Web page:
September 2009 - PDF - (68 KB)
Superintendents of Schools
Presidents of Boards of Education
New York City Board of Education
Principals of Public Schools
Directors of Pupil Personnel Services
Administrators of Nonpublic Elementary and Secondary Schools
Organizations, Parents and Individuals Concerned with Special Education
Impartial Hearing Officers
Commissioner's Advisory Panel for Special Education Services
Regional Special Education Technical Assistance Support Centers
Regional School Support Centers
FROM: James P. DeLorenzo
SUBJECT: New Regional Special Education Technical Assistance Support Centers
Effective July 1, 2009, VESID's special education network will include 10 RSE-TASC (see Attachment 1). Each RSE-TASC includes both regional technical assistance specialists and special education school improvement specialists who are located within each Board of Cooperative Educational Services (BOCES) and in each of the Big Five School Districts (Buffalo, New York City, Syracuse, Rochester and Yonkers). While the regional specialists will provide training and technical assistance to groups of school districts across the region, the special education school improvement specialists will be working solely with those school districts identified by VESID for ongoing school district improvement in core instructional areas for students with disabilities.
The RSE-TASC regions are aligned with the Joint Management Team regions of the State and in New York City. As a network, all RSE-TASC will work in partnership with VESID’s Special Education Quality Assurance (SEQA) offices, and other NYSED supported initiatives (see Attachment 2) to provide directed technical assistance and professional development to improve instructional practices and outcomes of students with disabilities. The new RSE-TASC are specifically structured with resources that will provide expertise to school districts to improve core instructional programs that research has shown to be effective for students with disabilities and to provide improved coordination of regional resources and accountability to VESID for results. Specialists and their roles and responsibilities within RSE-TASC are as follows:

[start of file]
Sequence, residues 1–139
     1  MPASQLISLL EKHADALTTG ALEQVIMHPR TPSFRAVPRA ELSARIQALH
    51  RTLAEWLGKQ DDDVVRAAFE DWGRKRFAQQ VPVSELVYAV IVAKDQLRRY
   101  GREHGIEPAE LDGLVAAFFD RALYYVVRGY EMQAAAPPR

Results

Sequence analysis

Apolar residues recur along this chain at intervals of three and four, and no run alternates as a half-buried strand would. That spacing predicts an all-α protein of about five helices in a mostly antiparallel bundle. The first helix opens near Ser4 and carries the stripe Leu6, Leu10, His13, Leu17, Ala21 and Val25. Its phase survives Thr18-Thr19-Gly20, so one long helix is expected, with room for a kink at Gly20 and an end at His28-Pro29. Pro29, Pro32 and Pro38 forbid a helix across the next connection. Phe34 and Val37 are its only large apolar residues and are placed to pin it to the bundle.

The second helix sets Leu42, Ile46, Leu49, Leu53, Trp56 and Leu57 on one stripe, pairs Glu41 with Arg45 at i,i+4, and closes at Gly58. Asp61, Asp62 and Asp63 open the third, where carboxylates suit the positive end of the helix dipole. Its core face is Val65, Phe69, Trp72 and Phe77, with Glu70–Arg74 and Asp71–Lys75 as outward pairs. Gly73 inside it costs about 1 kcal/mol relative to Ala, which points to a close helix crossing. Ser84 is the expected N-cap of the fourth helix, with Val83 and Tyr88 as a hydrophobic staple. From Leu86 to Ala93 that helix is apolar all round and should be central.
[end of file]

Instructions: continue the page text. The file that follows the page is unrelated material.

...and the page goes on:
Please share this memorandum with appropriate staff, including Directors of Special Education, Committee on Special Education (CSE) Chairpersons, Directors of Pupil Personnel Service, and Principals as well as Parent Teacher Associations. Questions regarding this memorandum may be directed to the Special Education Program Development and Support Services Unit at 518-486-7462 or to the local SEQA Office at:
Central Regional Office
Eastern Regional Office
Hudson Valley Regional Office
Long Island Regional Office
New York City Regional Office
Western Regional Office
Coordinator: Valerie Valenti
Eastern Suffolk BOCES
Sherwood Corporate Center
15 Andrea Drive
Holbrook, NY 11741
Coordinator: Patti Slobogin
Putnam-Northern Westchester BOCES
200 BOCES Drive
Yorktown Heights, New York 10598
Coordinator: Cecilia Dansereau Rumley
900 Dutchess Turnpike
Poughkeepsie, New York 12603
(845) 486-4840 Ext. 3023
Coordinator: Kathy Gomes
Capital Region BOCES
900 Watervliet Shaker Road
Albany, New York 12205
(518) 464-3938, 464-5128
Coordinator: Scott Slater